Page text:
Wild Plants And Wooly Bears
The ground has thawed and a few of our hardier, wild edibles have become available. Yep, winter has loosed its grip on us and a new foraging season has begun.
First, I spotted several evening primrose plants. The red-tinted basal rosettes make finding these easy. Another simple trick involves searching to the downwind side of last years dried stalks. When the seed capsules explode, these biennial plants literally cast their seeds to the wind. A hand-held trowel suffices to dig the pink-topped, white root. And believe me, if my garden hadn’t already provided parsnips, evening primrose would certainly grace my table for the next few days.
Next, ice has receded from the banks of my farm pond, allowing access to clumps of cattails and the little, starch-filled sprouts that protrude from the rootstocks. But the thought of wading in ice water and pulling roots from soupy, gray clay gives me chills. All the same, it’s nice to know that these somewhat novel, food products are available.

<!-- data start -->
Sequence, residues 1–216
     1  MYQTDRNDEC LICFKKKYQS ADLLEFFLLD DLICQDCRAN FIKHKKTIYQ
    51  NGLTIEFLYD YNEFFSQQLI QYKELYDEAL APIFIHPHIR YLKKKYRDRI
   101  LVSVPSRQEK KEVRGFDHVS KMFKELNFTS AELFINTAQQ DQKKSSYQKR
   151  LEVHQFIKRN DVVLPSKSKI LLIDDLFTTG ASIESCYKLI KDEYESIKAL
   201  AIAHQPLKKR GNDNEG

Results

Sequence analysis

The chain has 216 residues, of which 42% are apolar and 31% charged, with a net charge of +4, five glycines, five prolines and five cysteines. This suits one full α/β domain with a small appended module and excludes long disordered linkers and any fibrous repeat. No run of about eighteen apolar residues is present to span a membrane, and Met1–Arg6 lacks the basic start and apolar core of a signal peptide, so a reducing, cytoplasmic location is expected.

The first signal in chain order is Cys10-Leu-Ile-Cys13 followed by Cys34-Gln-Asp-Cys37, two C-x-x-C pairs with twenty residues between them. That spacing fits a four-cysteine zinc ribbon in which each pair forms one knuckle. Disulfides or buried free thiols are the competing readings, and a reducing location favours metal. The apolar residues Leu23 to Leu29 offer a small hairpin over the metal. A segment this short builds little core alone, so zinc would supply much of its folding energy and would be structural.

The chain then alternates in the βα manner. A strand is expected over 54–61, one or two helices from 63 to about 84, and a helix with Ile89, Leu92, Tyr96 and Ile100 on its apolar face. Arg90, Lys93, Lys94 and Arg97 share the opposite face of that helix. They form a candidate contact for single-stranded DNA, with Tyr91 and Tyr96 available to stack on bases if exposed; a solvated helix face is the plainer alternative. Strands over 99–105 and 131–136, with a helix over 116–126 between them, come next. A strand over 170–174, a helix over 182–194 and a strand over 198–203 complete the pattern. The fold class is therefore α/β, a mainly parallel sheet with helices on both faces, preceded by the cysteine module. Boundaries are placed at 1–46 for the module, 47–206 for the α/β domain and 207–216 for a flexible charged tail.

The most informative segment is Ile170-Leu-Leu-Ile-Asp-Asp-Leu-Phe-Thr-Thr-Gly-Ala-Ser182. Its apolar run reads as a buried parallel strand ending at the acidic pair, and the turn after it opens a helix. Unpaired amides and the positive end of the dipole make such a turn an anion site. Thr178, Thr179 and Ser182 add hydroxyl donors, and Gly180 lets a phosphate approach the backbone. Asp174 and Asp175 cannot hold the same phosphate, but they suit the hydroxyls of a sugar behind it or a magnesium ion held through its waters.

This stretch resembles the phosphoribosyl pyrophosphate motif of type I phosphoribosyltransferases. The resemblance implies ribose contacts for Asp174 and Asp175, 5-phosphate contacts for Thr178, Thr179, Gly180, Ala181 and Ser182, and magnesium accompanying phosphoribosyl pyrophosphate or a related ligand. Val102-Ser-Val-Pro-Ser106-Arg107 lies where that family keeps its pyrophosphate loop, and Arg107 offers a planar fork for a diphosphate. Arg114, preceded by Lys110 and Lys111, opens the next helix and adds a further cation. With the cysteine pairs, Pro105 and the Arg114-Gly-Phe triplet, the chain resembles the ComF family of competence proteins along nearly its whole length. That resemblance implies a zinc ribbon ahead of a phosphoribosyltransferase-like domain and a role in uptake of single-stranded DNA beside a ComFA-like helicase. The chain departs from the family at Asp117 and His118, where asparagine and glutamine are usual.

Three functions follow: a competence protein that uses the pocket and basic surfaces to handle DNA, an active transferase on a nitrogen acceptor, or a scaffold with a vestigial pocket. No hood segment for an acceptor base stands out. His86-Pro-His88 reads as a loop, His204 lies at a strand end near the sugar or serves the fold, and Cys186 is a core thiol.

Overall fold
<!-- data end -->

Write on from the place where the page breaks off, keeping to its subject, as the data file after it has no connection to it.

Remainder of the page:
Finally, although this seems way too early (not complaining, just observing) for them, the green tips of daylilies have risen to a point where, if need be, they could provide one of the first, wild greens of the season.
In truth, I’ll wait a bit before going out and digging or picking anything. Let the plants grow a bit larger. Besides, it’s cold and wet out there. But come the next warm, sunny day, I expect to have my first, wild meal of the season. And that’s an annual event that means a great deal to me.